One of the vital truths of the restored gospel is that “the spirit and the body are the soul of man” (D&C 88:15) and that when the spirit and body are separated, men and women “cannot receive a fulness of joy” (D&C 93:34). In this simple truth, we discover a key to help our children avoid the trap of sexual fragmentation and the foundation for helping them eventually develop sexual wholeness in marriage. This doctrine of the soul teaches us that all sexual experiences in this life affect both our bodies and our spirits. It also teaches us that our spirits are the source of our emotions and thoughts, and that in order to have true sexual fulfillment we need to appreciate how they are enmeshed with the physical reactions of our bodies.
The spiritual dimension.
We should always remember that our children are spiritual beings having a mortal experience. Because of this, it is in their inherent nature to seek meaning and purpose in their lives. The Proclamation on the Family teaches that each of us “is a beloved spirit son or daughter of heavenly parents, and, as such, each has a divine nature and destiny.” Thus, we all have an innate desire to progress. As President Dallin H. Oaks has taught, “Our theology begins with heavenly parents. Our highest aspiration is to be like them.” So when we help our children live according to God’s will and have faith in His divine plan for them, they will feel contentment and peace because they are filling “the measure of [their] creation” (D&C 88:25). But when our children feel a lack of progression in their lives, that same divine nature gives them feelings or ideas that something is amiss, leaving them to feel restless or frustrated. When such lack of progression results from being out of alignment with God’s commandments, they often feel a sense of unworthiness and see a decrease in their faith.
This innate desire to progress is also a part of our children’s sexual nature—they all seek for sexual meaning. When our children’s sexual expressions are in alignment with God’s purposes, they will sense that sex has meaning and purpose in their own lives; it becomes inseparably linked to strong feelings of love for God and for their eventual spouse. This quietly endows them with a sense of worthiness and a growing appreciation for the positive role sex was designed to play in their lives. At times, however, our children will express their sexuality in shallow or meaningless ways that are not in alignment with God’s divine purposes for sex. When this happens, their spiritual nature reacts and causes them to feel less content and unfulfilled. We need to help our children recognize the inner promptings they feel related to their sexual development and help them learn more and more each day to follow those promptings and rely on the love and grace of our Savior Jesus Christ.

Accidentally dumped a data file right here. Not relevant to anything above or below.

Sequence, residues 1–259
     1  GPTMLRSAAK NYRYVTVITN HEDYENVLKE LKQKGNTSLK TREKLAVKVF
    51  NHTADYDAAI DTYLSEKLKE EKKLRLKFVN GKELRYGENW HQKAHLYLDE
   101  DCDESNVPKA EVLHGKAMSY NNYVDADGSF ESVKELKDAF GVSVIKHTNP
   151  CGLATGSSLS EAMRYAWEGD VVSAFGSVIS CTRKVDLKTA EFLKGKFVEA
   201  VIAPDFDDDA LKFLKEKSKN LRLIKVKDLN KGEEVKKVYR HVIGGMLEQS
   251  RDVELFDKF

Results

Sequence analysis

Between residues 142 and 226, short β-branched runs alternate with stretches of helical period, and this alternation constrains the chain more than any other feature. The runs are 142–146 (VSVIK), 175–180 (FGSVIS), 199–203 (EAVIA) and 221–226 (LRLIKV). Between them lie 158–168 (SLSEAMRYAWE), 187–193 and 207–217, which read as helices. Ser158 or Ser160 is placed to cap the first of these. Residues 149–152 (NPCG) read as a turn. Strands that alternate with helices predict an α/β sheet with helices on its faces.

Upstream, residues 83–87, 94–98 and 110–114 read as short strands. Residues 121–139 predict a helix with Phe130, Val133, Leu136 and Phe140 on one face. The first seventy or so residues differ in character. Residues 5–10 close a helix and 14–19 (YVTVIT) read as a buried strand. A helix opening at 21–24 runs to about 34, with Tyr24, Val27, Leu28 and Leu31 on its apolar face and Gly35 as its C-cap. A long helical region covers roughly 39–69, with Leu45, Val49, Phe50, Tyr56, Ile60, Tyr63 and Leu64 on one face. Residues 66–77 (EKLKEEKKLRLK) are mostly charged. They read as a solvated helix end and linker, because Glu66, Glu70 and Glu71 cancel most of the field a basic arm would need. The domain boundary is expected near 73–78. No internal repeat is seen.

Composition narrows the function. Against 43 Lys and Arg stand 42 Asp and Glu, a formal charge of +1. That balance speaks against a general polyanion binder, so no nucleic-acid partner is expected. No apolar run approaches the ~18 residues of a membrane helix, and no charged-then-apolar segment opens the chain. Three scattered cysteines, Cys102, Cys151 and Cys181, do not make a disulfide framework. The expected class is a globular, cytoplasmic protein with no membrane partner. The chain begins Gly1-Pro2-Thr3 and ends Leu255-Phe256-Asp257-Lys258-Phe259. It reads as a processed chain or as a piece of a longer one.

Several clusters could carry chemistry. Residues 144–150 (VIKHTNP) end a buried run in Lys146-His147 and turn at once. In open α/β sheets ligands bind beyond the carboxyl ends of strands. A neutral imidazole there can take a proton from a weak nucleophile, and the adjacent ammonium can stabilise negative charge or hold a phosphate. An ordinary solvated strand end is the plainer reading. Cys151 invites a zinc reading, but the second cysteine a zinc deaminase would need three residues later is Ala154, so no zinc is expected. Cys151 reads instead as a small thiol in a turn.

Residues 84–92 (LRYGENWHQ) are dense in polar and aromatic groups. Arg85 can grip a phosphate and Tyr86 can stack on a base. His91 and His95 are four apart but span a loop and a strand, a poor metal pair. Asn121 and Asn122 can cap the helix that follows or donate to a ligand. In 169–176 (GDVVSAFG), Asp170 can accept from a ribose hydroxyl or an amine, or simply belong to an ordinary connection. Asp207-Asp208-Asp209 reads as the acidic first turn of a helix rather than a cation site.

The physical dimension.
The current cultural discussion about human sexuality, in both popular and professional circles, is dominated by the size of body parts, sexual techniques, and products that claim to enhance physical responses. Even sexual desire is seen as emerging from physical origins, as reflected in popular notions of “libido,” “sex drive,” or “horniness.” This has its professional origins in Freud’s psychoanalytic theory that viewed humans as having an involuntary, physically-generated sexual energy that must be expressed. The notion of humans having an involuntary, physical sex drive is often used to rationalize inappropriate sexual expression—whether before or during marriage. Such physical-only perspectives fail to include the spiritual and emotional dimensions of our sexual nature, which emphasize the voluntary and controllable capacity for sexual expression and the true human need for love and connectedness. True expressions of love and commitment were never intended to be just one-dimensional manifestations of genes and hormones.